Comfort Food

- by

For a New York food writer with Savannah roots, Spanky’s chili tastes like nostalgia

From childhood through my teens, Savannah mostly meant a day spent at Oglethorpe Mall. I grew up 60 miles due west of the coast in Baxley, where there was no Walmart, let alone a Limited Too, American Eagle, or (now-defunct) Parisian. My mom, sister and I would shop for hours and then eat a quick, kid-friendly lunch on the strip, often at Spanky’s.

I have lived in New York City for a decade now, working as an editor and food journalist, and this past August, I flew back to Savannah en route to Darien to report on the edible jellyfish industry. My sister and her husband picked me up from the airport around lunchtime, and we stopped at the Spanky’s in Pooler (there’s also the Southside location on Mall Way, another on River Street and Spanky’s Beachside on Tybee Island). As a nostalgic out-of-towner, I ordered a four-piece chicken tender lunch with a house salad and ranch dressing — just what my 12-year-old mall-rat self would have eaten, minus the salad. Even though it was 92 degrees outside, and just to see if it tasted like home, I also ordered a cup of chili.

My parents, Cindy and Tom Hatchett, lived on Wilmington Island for a few years early in their marriage before moving to Baxley and submitting to car seats and kids. During that time, my mom picked up the Junior League’s classic 1980 Savannah Style cookbook, and dishes like Mississippi mud cake, bruncheon eggs and Spanky’s chili made it into her repertoire.

Mom made the chili — hearty, easy, and inexpensive — four or five times a year, often with ground venison. And just as my grandmother might have done, Mom stretched the chili a little further by serving it on top of white rice, always with a cheddar cheese garnish. Every pot of her chili tasted exactly the same — the stuff of potent memories.

I made Spanky’s chili as soon as I had my own kitchen while in college at the University of Georgia. A double recipe could feed an apartment-full of friends for $20. When I moved to New York, then Miami (where it was mostly too hot to eat chili), and back to New York again, I carried around a scrap of paper with the ingredients list. But, really, I could make a batch from memory, tasting along the way.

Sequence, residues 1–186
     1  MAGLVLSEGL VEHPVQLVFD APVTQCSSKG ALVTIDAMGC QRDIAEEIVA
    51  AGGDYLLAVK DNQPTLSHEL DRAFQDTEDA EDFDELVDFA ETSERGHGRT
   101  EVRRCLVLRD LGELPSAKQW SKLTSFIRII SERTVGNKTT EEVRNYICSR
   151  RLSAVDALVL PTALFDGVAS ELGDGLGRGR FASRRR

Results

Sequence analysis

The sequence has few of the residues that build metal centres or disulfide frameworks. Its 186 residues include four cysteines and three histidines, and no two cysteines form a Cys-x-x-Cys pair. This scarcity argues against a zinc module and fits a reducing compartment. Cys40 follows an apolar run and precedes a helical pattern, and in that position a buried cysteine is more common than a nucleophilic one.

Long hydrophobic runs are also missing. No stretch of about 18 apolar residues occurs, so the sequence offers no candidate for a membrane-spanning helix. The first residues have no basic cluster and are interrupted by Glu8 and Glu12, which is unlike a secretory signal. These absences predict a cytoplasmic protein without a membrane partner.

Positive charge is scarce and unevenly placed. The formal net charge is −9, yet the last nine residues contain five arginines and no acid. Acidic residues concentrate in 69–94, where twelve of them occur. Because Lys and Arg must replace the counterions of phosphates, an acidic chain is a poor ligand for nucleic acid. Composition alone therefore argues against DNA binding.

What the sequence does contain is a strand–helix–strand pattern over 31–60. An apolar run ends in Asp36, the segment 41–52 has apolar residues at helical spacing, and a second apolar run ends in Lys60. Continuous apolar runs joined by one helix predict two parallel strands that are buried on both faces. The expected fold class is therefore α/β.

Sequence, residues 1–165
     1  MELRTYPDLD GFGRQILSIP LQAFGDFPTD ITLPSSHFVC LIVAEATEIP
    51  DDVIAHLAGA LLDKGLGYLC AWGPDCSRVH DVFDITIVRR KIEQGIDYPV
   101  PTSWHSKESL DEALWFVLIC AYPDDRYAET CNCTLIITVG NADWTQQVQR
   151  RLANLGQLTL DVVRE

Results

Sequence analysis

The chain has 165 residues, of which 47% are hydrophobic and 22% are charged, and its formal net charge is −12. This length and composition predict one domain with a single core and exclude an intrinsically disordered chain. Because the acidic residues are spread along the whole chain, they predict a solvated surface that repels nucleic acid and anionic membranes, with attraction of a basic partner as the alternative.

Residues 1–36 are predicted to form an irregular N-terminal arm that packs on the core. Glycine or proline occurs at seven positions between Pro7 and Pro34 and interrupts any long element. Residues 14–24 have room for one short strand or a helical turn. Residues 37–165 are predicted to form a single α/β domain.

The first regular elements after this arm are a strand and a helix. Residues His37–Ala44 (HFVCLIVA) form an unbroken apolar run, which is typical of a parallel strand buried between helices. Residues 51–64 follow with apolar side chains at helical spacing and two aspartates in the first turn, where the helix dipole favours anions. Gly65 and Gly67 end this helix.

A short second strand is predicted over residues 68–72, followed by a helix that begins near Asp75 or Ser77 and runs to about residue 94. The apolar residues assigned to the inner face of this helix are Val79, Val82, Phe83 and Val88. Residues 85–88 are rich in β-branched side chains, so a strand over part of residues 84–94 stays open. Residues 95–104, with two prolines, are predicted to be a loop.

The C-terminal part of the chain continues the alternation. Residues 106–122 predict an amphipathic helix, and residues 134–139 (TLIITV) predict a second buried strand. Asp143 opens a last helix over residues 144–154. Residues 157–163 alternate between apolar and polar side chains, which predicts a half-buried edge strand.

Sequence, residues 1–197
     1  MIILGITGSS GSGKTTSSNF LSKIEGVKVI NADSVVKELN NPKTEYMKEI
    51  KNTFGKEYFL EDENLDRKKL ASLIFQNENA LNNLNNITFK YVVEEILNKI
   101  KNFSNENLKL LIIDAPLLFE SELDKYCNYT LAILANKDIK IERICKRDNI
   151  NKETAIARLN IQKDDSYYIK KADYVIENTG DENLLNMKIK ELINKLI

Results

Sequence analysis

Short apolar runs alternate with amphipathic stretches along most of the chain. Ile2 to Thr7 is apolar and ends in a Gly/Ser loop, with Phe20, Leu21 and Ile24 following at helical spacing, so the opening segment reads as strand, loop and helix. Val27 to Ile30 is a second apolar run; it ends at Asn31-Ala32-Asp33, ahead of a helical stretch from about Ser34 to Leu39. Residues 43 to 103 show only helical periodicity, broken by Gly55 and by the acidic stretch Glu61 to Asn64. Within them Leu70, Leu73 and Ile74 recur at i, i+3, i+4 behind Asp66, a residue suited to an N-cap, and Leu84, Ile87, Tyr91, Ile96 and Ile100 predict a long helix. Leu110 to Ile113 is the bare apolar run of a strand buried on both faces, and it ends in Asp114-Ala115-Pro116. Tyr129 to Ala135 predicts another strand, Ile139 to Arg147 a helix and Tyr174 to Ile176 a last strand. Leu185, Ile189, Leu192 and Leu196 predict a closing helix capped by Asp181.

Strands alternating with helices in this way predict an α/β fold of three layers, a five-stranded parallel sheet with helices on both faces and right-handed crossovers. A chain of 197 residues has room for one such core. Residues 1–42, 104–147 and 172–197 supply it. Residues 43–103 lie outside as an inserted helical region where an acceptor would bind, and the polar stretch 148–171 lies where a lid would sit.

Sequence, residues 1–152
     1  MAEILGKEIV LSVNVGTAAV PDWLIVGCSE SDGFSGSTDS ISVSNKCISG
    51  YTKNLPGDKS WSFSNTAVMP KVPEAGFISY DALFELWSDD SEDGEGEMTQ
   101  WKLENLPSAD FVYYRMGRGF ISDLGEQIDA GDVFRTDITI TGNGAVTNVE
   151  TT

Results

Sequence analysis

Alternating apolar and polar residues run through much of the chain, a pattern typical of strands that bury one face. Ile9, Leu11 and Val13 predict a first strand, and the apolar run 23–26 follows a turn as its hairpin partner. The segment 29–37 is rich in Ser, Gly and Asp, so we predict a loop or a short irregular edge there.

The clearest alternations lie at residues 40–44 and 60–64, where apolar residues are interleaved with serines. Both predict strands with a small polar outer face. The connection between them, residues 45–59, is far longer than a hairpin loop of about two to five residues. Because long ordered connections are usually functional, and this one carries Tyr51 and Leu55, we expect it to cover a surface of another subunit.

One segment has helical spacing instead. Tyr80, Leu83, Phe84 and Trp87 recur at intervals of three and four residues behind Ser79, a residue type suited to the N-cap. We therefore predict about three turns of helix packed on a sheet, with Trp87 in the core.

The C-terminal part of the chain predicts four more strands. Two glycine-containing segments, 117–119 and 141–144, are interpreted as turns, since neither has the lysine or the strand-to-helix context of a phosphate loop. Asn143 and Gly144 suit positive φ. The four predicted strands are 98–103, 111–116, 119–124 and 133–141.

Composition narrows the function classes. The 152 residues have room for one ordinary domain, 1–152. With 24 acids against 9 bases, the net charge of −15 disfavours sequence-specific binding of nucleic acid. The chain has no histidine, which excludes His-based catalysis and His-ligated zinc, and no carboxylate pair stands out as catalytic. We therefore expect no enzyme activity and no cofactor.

Unlike my mother, who measures every drop of Tabasco and every half-teaspoon of salt, I’m an intuitive cook. I worked in a professional kitchen and attended culinary school in Paris, all before writing about chefs and restaurants for a living. I view recipes, even those dearest to me, like instructions from a Sunday homily or my dental hygienist. They offer helpful guidelines with plenty of room for riffing.

My first tweaks to Spanky’s chili were subtle. I added a load of chopped garlic and seasoned the pot with pure, potent New Mexico chile powder in place of a McCormick blend. Then, as I fell into the rhythms of cooking in the Northeast, I found that in early fall, there’s a confluence of chili ingredients at the farmers market. I now use late-season heirloom tomatoes, whatever freshly shelled beans farmers are selling (usually pinto, cranberry or kidney), and a mix of colorful sweet peppers. Sometimes, I use ground turkey instead of beef, and if I had room to store a dehydrator in my small apartment, I would probably make my own chile powder, too. Nothing is measured or recorded. It’s my rule-free, locally sourced, time-consuming and usually expensive chili. It’s quite good, but it’s not the chili I grew up with. For that, I either have to resist the urge to tinker, or give in and go home.

Developed by one of Spanky’s founders, Dusty Yarbrough, and his wife Faye, the restaurant’s chili recipe has not changed since it debuted on Spanky’s original 1976 menu. My gut says their kitchen staff measures spices just as precisely as my Mom, because a cup of it tasted like a Wednesday night in January on Pitty Pat Lane (yes, that’s the name of the street I grew up on).

Spanky’s original recipe is perfect for a comfy winter meal, but you have my permission to veer off course and make it your own. You can also still find the recipe on p. 50 of Savannah Style, available at I hope your copy will one day wear as many tomato splatters as my mother’s.

Spanky’s Chili

Serves 4 to 6

1 pound ground beef

2 small onions, diced

1 green pepper, diced

2 tablespoons chili powder

1 teaspoon cumin

1 teaspoon salt

1 teaspoon black pepper

16 ounces whole tomatoes

8 ounces tomato sauce

16 ounces kidney beans

Brown ground beef;
pour off fat. Add remaining ingredients and cook
over low heat for an hour, stirring often.

Stir Things Up

Junior League of Savannah president Jennifer Grafton barely has time to cook during the week — a relatable problem for many families. To help get dinner on the table, Grafton meal preps on weekends and turns to no-fuss dinners like the Spanky’s chili recipe above. For fancier occasions, she serves it
alongside an oyster roast.

How she’d doctor Spanky’s chili: Cut the chili powder
in half and add quartered
pepperoni slices. “I have a cousin who makes chili
with pepperoni, and I really like to throw them in.”

Junior League-approved
garnishes: The classics!
Fritos scoops and cheddar cheese.

Favorite Savannah Style recipe: She Crab Soup.
“I have notes written all over the recipe.”